3 The Danger of Open Communication with Spirits
"Regard not them that have familiar spirits, neither seek after wizards to be defiled by them. I am Jehovah your God." Leviticus 19: 31
Sensual Thought about the Afterlife
Despite the official teachings of the churches, few men in Christendom believe that they will live after death.23 Few believe that there are spirits with them, or "even that there are any spirits." The chief reason assigned for this prevalent condition is that at this day there is no faith, because genuine charity is lacking.24 So testify the Writings.
Belief is more than a mere lame assent. There are few who would not give a superficial assent to the possibility, nay the probability of human survival after death. But only those believe who live in the full conviction and consciousness that this earthly existence is but a preparation for eternal life.
Among the winds of doctrine that blow across the world, one of the chilliest is this fallacy that nothing is real beyond the world of matter and that the grave marks the end of all our hopes. It looks back to childhood with nostalgia as the halcyon time of one's life, when one could still live in blessed fancies. It robs manhood and even parenthood of any genuine delight, leaving only the struggle for bread and social position. It saves up for old age only the dried crusts of memory and a final disillusionment.
Perhaps it might be doubted that so few, in their actual life, are motivated by a belief in another world. And fortunately "few" is an elastic word! Yet compared to the time of Swedenborg, to whom this scarcity of faith was revealed, this our day presents on the surface an even bleaker picture of spiritual desolation. Religious hopes are pushed to the side in modern life, where the mind is instead preoccupied with so many concerns for the improvement of the mechanism of natural existence that there is room for little else. Natural life has become an end in itself. The art of living gracefully and in comfort here on earth is dignified as the height of achievement, ranking above the wisdom of spiritual charity. And though many find that the art of "getting along" requires them to conform to customs and to belong to a church, to profess a creed and to give to some philanthropic cause, yet what meditative thought do they ever give to the question of eternal life, unless they are confronted by the shock of death to kin or companion?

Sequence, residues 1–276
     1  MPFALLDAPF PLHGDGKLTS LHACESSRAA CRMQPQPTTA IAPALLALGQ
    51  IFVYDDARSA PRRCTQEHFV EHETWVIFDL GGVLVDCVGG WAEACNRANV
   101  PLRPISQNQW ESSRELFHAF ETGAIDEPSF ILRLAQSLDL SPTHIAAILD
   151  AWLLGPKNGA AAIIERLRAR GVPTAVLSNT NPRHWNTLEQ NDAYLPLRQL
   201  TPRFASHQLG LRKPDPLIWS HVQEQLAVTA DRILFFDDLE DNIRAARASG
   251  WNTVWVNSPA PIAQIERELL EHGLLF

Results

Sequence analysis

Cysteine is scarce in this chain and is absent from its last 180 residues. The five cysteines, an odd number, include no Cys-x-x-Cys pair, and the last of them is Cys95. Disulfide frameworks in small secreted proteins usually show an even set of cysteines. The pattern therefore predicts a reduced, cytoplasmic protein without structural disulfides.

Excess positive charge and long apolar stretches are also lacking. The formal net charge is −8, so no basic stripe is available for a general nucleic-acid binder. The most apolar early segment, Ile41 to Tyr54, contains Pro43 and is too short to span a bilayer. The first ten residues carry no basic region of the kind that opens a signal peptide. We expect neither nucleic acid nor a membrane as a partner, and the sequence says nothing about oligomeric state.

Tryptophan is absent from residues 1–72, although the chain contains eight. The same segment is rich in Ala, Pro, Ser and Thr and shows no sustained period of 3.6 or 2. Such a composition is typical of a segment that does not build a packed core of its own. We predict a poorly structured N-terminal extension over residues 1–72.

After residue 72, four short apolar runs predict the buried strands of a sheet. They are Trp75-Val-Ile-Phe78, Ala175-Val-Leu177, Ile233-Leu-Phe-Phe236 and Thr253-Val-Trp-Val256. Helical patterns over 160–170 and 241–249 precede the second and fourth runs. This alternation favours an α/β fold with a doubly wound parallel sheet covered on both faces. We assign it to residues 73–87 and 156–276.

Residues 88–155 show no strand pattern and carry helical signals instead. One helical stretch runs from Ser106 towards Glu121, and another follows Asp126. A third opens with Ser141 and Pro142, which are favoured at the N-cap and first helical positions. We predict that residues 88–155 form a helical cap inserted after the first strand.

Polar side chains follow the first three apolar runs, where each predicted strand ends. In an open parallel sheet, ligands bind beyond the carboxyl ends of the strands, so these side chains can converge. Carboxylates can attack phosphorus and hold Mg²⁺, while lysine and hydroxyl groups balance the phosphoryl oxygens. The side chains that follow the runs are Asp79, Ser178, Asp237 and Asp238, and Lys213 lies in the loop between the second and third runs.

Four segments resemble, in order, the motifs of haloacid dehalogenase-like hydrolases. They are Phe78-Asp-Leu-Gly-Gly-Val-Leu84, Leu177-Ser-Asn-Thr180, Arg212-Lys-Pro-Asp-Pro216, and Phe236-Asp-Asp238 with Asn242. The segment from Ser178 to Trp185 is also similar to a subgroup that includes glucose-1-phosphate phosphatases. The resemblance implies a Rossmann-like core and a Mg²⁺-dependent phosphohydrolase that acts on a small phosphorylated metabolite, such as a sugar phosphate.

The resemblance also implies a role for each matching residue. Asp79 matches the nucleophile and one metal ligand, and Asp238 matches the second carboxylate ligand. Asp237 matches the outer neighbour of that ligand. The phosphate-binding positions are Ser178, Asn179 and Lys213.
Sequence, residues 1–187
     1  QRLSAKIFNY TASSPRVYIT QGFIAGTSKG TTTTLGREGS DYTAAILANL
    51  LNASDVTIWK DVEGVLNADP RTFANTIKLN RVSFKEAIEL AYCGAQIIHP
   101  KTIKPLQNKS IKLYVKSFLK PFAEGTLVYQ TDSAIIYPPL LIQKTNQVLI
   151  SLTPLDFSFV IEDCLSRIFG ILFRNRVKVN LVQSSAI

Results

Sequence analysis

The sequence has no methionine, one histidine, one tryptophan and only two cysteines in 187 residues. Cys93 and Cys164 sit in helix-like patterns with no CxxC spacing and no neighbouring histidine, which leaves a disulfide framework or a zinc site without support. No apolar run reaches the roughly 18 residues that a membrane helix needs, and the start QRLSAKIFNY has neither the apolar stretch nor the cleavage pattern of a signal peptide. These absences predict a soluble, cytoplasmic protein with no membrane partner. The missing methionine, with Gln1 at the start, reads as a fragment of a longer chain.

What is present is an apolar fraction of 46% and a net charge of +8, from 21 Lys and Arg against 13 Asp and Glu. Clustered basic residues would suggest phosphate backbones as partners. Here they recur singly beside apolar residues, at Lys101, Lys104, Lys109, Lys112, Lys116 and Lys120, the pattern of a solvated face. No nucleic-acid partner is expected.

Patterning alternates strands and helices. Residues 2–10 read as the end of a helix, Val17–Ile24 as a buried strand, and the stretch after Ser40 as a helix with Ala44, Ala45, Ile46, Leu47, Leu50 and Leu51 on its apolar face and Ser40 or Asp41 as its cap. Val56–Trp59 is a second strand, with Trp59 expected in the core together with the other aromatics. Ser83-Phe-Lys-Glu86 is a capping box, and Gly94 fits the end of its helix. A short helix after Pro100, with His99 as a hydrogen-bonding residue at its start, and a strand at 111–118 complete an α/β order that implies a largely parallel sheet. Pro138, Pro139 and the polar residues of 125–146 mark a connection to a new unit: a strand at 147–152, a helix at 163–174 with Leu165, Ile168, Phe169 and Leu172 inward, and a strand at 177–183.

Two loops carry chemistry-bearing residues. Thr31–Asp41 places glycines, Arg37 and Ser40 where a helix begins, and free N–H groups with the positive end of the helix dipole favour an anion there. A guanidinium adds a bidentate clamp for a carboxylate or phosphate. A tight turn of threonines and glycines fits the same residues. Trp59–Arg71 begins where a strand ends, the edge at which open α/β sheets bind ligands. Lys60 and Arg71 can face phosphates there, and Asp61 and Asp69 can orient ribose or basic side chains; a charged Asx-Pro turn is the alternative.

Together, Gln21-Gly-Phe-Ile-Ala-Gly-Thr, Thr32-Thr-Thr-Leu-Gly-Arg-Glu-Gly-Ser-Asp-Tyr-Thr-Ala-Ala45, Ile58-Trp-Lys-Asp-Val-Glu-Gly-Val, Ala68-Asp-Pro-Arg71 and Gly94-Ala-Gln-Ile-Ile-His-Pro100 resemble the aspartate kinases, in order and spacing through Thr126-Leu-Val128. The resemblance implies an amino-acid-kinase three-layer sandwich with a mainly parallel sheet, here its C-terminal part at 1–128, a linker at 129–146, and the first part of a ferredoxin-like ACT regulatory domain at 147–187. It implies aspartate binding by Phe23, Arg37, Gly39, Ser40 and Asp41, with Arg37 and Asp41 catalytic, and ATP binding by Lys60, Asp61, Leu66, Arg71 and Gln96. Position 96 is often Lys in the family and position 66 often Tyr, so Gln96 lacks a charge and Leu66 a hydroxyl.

How empty life must seem for those who think of death as the termination of everything, and those whose only sure hope of immortality lies in the size of their gravestones or the survival of their names. The thoughts of those who attend the funeral of a friend are usually directed to natural life, in tribute to his virtue or accomplishment; yet his death stands out as an object lesson that all is vanity. For before the thought of an afterlife most men's minds recoil with a deep discomfort, a pathetic realization of ignorance and doubt, which the formal confessions of their churches cannot dispel.
At such times those who are bereaved grope about for comfort, and their minds are somewhat more ready than usual to seize upon either truth or falsity if it will but relieve their sadness and apprehension. Their hearts may be hardened and embittered and they may sternly dismiss the possibility of the soul's survival. But others may feel a desperate desire for some confirmation that the dead still live, or will live; may seek for something of a purpose in this endless waste of human lives, and for an ordered scheme and goal in the otherwise futile struggle of existence.